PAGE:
The Latest: Trump wants to tell Davos elite how great US is
Jan. 25, 2018
DAVOS, Switzerland (AP) — The Latest on the World Economic Forum in Davos (all times local):
President Donald Trump says he's going to the World Economic Forum in Davos, Switzerland, "to tell the world how great America is and is doing."
"Our economy is now booming and with all I am doing, will only get better...Our country is finally WINNING again!" the president adds in a tweet before departing the White House for the summit.
The annual gathering convening many of the world's business and political elites in the Swiss Alps is a surprising destination for Trump, who ran for office promoting an "America First" agenda.
One global leader is skipping Davos this year.
The U.N. says Secretary-General Antonio Guterres decided not to go to the World Economic Forum's annual global gabfest in the Swiss ski resort this year because "there was a scheduling issue."
U.N. spokesman Stephane Dujarric told reporters at U.N. headquarters on Wednesday that Guterres will be leaving Thursday for the African Union summit in Addis Ababa, the Ethiopian capital.
He said "often we get criticized for going to Davos, and we get criticized for not going to Davos."
Dujarric said sometimes doing business at the Swiss ski resort is "a little complicated."
But he said it's an important place for the United Nations to be, especially to interact with the private sector, and that's why the U.N. will be represented by General Assembly President Miroslav Lajcak and the heads of several U.N. agencies.
French President Emmanuel Macron has called for acting in "a multilateral way" to better fight against extremism around the world.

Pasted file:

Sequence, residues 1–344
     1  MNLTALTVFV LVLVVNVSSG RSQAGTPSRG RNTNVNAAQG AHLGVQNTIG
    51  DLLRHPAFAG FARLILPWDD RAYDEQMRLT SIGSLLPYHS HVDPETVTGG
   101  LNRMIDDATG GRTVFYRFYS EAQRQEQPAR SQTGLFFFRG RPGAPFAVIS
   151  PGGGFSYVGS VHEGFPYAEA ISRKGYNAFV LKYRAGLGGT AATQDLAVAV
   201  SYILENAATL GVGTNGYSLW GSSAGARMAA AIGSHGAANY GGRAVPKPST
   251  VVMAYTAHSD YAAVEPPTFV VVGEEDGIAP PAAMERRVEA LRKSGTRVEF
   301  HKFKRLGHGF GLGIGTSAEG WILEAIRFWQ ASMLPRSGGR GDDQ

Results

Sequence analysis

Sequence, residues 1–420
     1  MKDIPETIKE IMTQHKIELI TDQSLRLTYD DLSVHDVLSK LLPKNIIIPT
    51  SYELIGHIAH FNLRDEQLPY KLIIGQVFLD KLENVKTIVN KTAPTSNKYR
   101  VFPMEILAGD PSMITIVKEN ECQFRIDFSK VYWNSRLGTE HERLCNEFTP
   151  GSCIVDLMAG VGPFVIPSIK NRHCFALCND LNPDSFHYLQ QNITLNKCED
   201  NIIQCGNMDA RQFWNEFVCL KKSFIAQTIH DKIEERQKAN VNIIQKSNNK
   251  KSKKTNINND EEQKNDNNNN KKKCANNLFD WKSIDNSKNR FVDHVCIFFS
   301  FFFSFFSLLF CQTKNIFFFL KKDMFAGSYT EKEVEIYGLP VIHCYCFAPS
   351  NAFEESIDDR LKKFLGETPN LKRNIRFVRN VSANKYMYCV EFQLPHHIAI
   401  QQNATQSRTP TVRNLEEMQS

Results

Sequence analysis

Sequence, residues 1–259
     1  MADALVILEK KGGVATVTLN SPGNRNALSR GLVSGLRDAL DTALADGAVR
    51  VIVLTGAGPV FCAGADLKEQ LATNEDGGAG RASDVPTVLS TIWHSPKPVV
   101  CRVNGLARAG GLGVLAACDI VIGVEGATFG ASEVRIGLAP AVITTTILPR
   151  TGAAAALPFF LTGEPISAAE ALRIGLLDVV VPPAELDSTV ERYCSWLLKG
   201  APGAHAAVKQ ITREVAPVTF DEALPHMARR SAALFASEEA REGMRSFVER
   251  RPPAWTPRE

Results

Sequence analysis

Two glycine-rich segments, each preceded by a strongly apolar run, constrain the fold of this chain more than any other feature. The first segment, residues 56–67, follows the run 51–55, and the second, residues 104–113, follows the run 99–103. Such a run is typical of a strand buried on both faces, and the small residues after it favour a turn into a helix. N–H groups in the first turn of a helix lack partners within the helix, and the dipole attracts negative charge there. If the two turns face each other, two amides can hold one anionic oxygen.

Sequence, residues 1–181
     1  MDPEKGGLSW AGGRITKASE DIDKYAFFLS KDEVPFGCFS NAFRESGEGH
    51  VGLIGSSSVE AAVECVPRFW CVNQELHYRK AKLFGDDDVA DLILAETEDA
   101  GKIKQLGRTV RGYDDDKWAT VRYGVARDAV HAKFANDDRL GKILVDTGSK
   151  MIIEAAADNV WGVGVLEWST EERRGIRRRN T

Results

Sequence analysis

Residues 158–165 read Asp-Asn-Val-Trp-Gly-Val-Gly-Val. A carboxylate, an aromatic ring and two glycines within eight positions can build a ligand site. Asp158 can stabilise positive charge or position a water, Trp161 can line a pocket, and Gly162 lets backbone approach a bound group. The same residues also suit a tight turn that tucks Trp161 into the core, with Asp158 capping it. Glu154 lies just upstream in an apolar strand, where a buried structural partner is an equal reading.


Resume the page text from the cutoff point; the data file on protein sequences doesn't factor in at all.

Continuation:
In an implicit reference to U.S. President Donald Trump's foreign policy toward North Korea and Iran, Macron said "the fight against criminal organizations shouldn't be a justification leading to the fragmentation of our responses."
In a speech at the World Economic Forum in Davos, Switzerland, he called for "acting in a multilateral way" to put pressure on countries such as North Korea and Iran "without leading to the fracturing of the region."
He also said a multilateral political and diplomatic approach will help achieve peace, especially in the Middle East and in Africa's Sahel region.
He said "we've got not only to win the war against terrorism but we've got to create conditions for durable peace."
David Cameron, the former British prime minister who called and lost the referendum on the country's membership of the European Union, says Brexit is a "mistake, not a disaster."
In unguarded comments to Indian steel magnate Lakshmi Mittal that was captured in-house at the World Economic Forum, Cameron conceded that Brexit has turned out "less badly" than feared but that "it's still going to be difficult."
Cameron called the June 2016 referendum in hopes of finally quelling questions over Britain's membership of the EU for a generation. Instead, he lost, with 52 percent in favor of leaving to 48 percent for staying. Cameron announced his resignation on the day after the vote.
Since the referendum, Britain's economy has slowed down but has not sunk into recession as many economic forecasters, such as the International Monetary Fund and Britain's Treasury itself, had been predicting.
Greece's prime minister says he's hoping to lift a veto on Macedonia's membership of NATO and integration with the European Union, by resolving a longstanding name dispute between the two Balkan neighbors.